In reading literature on early Jewish and Christian monotheism (and especially the latter), I frequently run across attempts to reconcile ideas about other divinities with statements of God’s oneness by imposing a strict monotheistic rubric on the texts that then necessitates some kind of tricky ontological rationalization. The most explicit example I can think of is from Hurtado’s essay on first-century Jewish monotheism (published here and here; I will cite the latter). In it he argues for an inductive approach to evaluating monotheism (113):
The first methodological point to emphasize is the importance of proceeding inductively in forming and using analytical categories such as “monotheism.” On both sides of the issue (to varying degrees among individual studies) there has been a tendency to proceed deductively from a priori presumptions of what “monotheism” must mean, instead of building up a view inductively from the evidence of the thought and practice of ancient Jews (and earliest Christians). It is mistaken to assume that we can evaluate ancient Jewish texts and beliefs in terms of whether or how closely they meet our own preconceived idea of “pure” monotheism.
He goes on to state that we have to let self-identification determine who was monotheistic (114):
If we are to avoid a priori definitions and the imposition of our own theological judgments, we have no choice but to accept as monotheism the religion of those who profess to be monotheists, however much their religion varies and may seem “complicated” with other beings in addition to the one God.
The words “monotheism” and “monotheist,” however, did not exist during the Greco-Roman period. They first appear in philosophical treatises of the seventeenth century CE. We will never find an ancient Jewish or Christian text in which an author explicitly professes to be a “monotheist.” In order to identify “monotheism” in antiquity we have no choice but to retroject into the texts, to some degree, our own definitions of what a monotheist is. Hurtado does exactly this, but observe a qualification (114):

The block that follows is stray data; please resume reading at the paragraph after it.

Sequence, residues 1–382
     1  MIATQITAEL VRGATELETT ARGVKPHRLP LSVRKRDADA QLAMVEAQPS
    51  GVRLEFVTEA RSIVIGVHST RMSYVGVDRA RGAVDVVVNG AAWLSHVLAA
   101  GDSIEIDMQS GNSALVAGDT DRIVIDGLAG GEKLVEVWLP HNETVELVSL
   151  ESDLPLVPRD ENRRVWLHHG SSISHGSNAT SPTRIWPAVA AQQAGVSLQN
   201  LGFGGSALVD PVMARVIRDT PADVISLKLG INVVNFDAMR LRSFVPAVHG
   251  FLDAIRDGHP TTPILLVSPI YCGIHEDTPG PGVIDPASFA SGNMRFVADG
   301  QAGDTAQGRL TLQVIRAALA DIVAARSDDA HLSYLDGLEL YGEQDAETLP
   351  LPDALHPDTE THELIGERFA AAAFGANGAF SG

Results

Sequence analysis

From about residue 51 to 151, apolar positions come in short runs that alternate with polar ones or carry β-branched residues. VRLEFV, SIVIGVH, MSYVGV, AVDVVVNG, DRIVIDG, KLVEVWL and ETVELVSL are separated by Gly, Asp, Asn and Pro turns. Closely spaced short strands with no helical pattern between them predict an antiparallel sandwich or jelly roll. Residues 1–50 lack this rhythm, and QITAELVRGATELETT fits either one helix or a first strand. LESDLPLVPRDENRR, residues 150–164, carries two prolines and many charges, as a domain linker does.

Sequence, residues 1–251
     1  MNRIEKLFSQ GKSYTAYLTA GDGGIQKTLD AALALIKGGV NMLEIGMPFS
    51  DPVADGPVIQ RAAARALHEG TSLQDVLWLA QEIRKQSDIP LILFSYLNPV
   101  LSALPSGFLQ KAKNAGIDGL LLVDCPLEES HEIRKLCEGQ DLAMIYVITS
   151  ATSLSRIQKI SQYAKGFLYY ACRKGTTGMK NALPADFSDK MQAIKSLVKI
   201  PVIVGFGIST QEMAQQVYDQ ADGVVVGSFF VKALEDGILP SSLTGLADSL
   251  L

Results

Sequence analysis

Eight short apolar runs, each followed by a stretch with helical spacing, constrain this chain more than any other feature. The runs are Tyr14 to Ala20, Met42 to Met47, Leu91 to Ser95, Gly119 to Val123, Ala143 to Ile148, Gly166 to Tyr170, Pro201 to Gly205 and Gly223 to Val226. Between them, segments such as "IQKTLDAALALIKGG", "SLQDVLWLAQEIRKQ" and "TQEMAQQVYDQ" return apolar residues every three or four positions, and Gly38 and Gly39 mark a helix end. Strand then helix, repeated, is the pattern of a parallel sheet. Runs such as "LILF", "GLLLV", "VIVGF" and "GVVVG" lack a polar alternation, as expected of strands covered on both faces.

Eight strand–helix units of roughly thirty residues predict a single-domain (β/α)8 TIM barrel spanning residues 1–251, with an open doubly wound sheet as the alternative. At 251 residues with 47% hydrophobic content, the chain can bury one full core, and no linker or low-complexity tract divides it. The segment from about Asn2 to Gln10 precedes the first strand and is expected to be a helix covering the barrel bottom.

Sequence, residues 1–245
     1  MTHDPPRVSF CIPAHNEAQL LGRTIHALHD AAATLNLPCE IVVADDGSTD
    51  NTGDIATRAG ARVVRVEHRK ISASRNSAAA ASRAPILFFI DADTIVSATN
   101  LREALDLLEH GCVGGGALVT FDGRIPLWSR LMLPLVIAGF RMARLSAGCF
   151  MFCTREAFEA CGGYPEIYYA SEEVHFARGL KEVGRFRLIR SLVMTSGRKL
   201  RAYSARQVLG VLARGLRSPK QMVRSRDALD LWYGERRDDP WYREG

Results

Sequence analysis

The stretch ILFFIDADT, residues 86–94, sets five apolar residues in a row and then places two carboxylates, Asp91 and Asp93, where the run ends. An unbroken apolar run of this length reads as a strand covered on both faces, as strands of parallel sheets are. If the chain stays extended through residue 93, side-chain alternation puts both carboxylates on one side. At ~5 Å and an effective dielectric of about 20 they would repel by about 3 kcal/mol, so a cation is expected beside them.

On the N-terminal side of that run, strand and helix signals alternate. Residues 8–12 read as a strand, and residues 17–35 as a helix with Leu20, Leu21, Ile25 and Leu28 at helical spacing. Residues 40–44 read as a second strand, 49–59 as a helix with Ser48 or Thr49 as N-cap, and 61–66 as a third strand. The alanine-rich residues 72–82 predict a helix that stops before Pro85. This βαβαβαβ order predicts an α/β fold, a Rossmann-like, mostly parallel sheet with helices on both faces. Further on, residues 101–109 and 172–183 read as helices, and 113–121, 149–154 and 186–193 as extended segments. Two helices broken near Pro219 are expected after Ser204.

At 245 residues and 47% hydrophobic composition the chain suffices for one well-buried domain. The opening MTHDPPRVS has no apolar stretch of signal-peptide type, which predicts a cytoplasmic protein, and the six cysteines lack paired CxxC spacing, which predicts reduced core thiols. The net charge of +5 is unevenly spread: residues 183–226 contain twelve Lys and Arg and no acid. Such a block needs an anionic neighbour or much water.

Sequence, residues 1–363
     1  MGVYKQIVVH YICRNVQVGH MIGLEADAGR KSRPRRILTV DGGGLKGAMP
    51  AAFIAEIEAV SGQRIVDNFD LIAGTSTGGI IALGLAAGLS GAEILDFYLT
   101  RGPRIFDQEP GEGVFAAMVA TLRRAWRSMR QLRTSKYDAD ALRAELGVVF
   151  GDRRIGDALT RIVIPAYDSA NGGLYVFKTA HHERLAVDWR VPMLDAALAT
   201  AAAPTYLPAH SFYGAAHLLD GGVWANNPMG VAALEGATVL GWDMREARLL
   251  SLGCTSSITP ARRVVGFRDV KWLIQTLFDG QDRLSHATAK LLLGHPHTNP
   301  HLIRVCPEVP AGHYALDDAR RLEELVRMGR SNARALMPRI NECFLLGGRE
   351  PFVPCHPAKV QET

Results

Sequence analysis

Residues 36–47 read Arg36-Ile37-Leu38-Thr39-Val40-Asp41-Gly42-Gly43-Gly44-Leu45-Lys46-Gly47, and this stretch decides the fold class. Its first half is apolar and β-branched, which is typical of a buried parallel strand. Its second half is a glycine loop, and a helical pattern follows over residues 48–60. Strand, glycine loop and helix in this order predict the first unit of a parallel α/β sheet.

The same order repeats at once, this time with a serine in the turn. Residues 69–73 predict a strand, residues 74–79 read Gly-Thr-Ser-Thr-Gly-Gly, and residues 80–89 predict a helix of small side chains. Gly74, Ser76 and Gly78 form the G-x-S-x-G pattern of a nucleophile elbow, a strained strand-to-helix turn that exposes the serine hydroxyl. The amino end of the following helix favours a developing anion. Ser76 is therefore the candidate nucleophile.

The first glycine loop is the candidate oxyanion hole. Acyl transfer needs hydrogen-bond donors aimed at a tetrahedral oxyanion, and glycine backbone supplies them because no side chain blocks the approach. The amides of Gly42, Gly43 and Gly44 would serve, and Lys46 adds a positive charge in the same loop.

our policy should be to take people as monotheistic if that is what they profess to be, in spite of what we might be inclined to regard at first as anomalies in their beliefs and religious practices.
Basically, any ostensible claim to monotheism (based on “one God” language, presumably) will overrule any potential preclusion of it (such as might problematize a modern claim to monotheism). As an example, Hurtado highlights 1 Cor 8:4–6, which he asserts uses “monotheistic language” while at the same time “accommodating devotion to Christ in terms and actions characteristically deemed by them as otherwise reserved for God.”
I suggest that Hurtado is here allowing the ostensible presence of monotheism in 1 Cor 8:4–6, which he identifies based on vernacular today considered monotheistic, to govern his interpretation of the explicit acknowledgment of a divine being other than God. In other words, of the two apparently conflicting concepts, he is using monotheism as the constant or the reference point, and deciding how devotion to Christ should be understood in relation to it. But the statement “there is no other God but one” may not have meant to the author of Corinthians what it means to believers today. Ulrich Mauser made this very point twenty years ago:
It is my thesis that the Biblical insistence on the oneness of God is so different from the monotheistic consciousness of our time that the almost universal procedure of reading the Bible through the spectacles of a modern monotheist must result in a serious misreading of its message” (“One God Alone: A Pillar of Biblical Theology,” Princeton Seminary Bulletin 12.3 : 257, emphasis in original).
I suggest that Hurtado’s approach shackles the text and only lets it use “one God” language to mean what it means to us today. What would be the outcome if we were to turn the tables and seek a way to understand the language of 1 Cor 8:4–6 not in light of modern monotheism, but in light of devotion to a being other than God? Instead of asking how Christ can be worshipped and how there can be many that are “called gods” in light of the fact that the text is monotheistic, let us ask how the author can say there is only one God in light of the fact that Christ is worshipped and there are many that are “called gods.” This allows us to define their view of God’s oneness according to the text, rather than presuppose it and then try to fit their view of God’s plurality into that presupposition. After all, it’s monotheism we’re looking to define, isn’t it?